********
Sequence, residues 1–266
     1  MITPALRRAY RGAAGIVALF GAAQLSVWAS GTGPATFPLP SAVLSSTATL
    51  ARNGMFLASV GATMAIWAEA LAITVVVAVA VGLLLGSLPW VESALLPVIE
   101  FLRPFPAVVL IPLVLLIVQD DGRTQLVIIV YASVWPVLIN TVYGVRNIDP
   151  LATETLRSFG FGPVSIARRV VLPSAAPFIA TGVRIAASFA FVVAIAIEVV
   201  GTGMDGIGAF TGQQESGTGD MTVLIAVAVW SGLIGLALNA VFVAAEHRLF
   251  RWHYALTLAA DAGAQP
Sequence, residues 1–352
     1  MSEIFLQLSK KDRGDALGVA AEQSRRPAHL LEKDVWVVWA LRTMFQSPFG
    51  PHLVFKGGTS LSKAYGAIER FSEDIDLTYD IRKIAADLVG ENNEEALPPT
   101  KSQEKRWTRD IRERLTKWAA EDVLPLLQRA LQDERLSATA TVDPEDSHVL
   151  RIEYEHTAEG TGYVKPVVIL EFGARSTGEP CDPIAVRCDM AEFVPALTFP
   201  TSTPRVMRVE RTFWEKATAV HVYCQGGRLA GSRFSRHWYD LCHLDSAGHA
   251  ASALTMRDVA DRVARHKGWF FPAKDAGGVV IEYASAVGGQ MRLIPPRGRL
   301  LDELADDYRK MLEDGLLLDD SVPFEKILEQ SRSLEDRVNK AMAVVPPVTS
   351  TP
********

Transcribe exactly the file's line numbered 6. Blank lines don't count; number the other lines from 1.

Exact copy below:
   201  GTGMDGIGAF TGQQESGTGD MTVLIAVAVW SGLIGLALNA VFVAAEHRLF